NREL's state-of-the-art research facilities provide the venue for groundbreaking innovations and collaboration in energy systems integration.
The nation's premier user facility for research, development, and demonstration of the components and strategies needed to optimize our entire energy system.
High-performance computing facilities at the Energy Systems Integration Facility that provide high-speed, petaflop-scale computer processing as well as data visualization labs with onsite and remote-viewing capabilities.
A first-of-its-kind facility at the Energy Systems Integration Facility with hydrogen storage, compression, and dispensing capabilities for fuel cell vehicle fueling and component testing.
A collaborative facility for assessing charging, communication, and control technologies and for modifying plug-in electric vehicles to play an active role in building and grid management.
A flexible, multipurpose, multi-laboratory facility that enables detailed evaluation and development of building and thermal energy systems.
A lab that continuously collects basic solar radiation measurements and has expertise in integrated metrology, optics, electronics, and data acquisition as well as outdoor performance-testing facilities.
An integrated, world-class test facility, called SolarTAC, where the solar industry can research, validate, and demonstrate photovoltaic and concentrating solar power technologies to accelerate integration with the electric grid.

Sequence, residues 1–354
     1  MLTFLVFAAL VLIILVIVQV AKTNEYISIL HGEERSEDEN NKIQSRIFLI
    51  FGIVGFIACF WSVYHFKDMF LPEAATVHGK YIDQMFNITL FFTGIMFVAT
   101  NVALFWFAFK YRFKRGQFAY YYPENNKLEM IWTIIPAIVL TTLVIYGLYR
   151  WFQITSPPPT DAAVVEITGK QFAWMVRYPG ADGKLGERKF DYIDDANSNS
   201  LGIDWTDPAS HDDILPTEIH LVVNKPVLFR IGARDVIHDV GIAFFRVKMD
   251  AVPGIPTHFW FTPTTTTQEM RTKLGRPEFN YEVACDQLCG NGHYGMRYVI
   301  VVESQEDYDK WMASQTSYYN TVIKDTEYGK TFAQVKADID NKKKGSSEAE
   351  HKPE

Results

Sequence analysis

Renewable Integration Facilities – National Wind Technology Center
Located in Boulder, Colorado, the National Wind Technology Center (NWTC) offers similar integration capabilities to the Energy Systems Integration Facility (ESIF) on NREL's Golden, Colorado, campus, but at a larger 1–10 megawatt scale that goes beyond the physical limitations of the ESIF. NWTC hardware can be connected virtually to the ESIF's software modeling and power hardware-in-the-loop capabilities—allowing NREL researchers and collaborators to simulate operation of the national electric grid while introducing the effects of renewable energy sources such as wind and solar. These simulations help inform research on the introduction of large amounts of renewable generation into the grid while maintaining grid stability.